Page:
2. Food

My relationship with food has adjusted dramatically in the past couple of months. Even just the thought or smell of some foods is enough to make me gag. Whereas some I’m like “yes! I want that now!” Unfortunately, by the time I get it I often don’t want it anymore. Case and point, I dragged Nick and the little one to Pizza Hut a few weekends ago, and didn’t want to eat my pizza when it arrived.

Or I could crave a McDonalds one night and then if someone mentions it the next day I’m dashing to the bathroom.

They say a lot about eating healthy during pregnancy. And by ‘they’ I mean the internet who you should never ever turn to for advice. But to be honest I’m happy just to eat anything! My lunchtime food consists of looking on the shelves and picking whatever doesn’t make my insides squirm. Sometimes that’s a chicken caesar wrap, but sometimes it’s a packet of strawberry laces and bubblemint gum.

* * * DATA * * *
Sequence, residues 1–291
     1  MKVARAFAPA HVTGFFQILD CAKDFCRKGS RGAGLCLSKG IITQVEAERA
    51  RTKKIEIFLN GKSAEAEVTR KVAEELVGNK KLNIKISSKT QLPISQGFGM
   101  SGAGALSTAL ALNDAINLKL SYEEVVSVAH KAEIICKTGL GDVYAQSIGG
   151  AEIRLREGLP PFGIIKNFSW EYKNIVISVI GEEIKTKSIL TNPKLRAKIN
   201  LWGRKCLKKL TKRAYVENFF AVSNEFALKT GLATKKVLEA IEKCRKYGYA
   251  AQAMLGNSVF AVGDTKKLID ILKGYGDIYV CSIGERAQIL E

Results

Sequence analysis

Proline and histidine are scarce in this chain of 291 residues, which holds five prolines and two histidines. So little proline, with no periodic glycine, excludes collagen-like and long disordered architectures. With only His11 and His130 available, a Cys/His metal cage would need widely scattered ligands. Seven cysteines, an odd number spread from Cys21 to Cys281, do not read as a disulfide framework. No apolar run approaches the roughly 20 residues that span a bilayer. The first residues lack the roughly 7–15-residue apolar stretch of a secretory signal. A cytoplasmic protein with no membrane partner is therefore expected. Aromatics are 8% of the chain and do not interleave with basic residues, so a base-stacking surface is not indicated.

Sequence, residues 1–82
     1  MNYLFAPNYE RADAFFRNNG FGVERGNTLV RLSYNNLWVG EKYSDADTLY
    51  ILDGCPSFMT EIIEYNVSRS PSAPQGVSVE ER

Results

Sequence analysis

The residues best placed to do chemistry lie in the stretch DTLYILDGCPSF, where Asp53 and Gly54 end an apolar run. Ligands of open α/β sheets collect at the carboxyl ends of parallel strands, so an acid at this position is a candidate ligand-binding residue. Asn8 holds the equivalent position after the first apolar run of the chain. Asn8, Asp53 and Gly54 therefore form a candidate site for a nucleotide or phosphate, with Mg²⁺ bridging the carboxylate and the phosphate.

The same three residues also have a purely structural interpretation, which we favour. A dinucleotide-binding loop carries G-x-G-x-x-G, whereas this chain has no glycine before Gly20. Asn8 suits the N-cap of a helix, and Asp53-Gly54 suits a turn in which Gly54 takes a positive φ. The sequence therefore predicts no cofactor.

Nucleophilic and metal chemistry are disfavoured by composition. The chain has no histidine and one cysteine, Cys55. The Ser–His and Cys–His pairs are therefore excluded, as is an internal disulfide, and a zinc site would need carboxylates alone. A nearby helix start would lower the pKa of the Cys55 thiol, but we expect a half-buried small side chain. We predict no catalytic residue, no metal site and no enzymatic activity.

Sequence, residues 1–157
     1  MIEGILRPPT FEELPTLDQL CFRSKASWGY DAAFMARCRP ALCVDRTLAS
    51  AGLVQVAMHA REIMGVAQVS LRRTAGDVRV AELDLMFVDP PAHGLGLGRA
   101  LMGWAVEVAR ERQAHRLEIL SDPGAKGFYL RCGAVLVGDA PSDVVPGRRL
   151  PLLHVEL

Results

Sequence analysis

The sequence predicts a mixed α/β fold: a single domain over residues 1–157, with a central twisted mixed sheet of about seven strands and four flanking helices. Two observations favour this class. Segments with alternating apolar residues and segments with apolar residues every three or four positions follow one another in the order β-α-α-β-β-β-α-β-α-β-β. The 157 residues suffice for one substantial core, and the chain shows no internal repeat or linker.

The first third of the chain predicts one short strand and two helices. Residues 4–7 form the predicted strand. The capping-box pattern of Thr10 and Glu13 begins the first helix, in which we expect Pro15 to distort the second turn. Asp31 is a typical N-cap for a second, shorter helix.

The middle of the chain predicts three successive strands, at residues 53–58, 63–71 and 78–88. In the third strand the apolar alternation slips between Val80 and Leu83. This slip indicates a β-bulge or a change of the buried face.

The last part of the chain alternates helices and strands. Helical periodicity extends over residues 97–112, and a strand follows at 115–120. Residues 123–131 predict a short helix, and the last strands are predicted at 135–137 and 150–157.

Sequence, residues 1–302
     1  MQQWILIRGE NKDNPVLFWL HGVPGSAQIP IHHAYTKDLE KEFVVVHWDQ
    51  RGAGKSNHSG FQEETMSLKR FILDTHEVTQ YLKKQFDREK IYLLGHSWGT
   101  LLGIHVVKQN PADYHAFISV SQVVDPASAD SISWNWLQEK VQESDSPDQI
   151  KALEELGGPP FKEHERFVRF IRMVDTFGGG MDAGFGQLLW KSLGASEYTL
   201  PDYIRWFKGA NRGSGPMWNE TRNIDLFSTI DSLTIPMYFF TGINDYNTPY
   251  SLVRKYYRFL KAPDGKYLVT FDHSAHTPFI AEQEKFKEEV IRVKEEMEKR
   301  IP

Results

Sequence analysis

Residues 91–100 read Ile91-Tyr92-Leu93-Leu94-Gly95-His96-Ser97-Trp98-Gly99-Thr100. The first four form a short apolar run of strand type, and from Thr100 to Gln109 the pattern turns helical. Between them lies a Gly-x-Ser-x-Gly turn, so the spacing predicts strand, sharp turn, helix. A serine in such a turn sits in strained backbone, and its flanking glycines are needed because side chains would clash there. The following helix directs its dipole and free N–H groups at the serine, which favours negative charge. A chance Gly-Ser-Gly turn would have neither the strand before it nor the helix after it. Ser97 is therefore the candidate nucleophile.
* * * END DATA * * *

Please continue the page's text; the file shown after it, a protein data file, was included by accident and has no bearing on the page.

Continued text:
They say that eating for two is a myth, and that you shouldn’t eat whatever you want. While I may agree with the first point I call bullshit on the second. As long as you’re not eating too unhealthily, I think the main priority is to actually get things into your body and keep them there. If that means I eat three packets of salt and vinegar crisps back to back, then so be it. It doesn’t make you a bad mum.

3. The tiredness

Don’t get me wrong, I was an ‘in bed by 9pm or earlier’ kinda gal before little bubba was formed, but by 7pm at the latest I can barely keep my eyes open. There’s even times when it’s 2/3pm and I’m trying desperately not to doze off. My eyes itch but I know that even if I rest them for a second, I’ll be snoring and drooling in no time.

But in fairness, I am loving our nights in now when we’re in bed straight after the little nugget and watching Netflix. I haven’t seen midnight for months.

4. The loo

I’m not going into great detail here but there will be a bit of that talk coming up. First off, I have to pee constantly. Honestly, I’m up in the night at least twice for the longest pees in history. Where on earth is this liquid coming from?!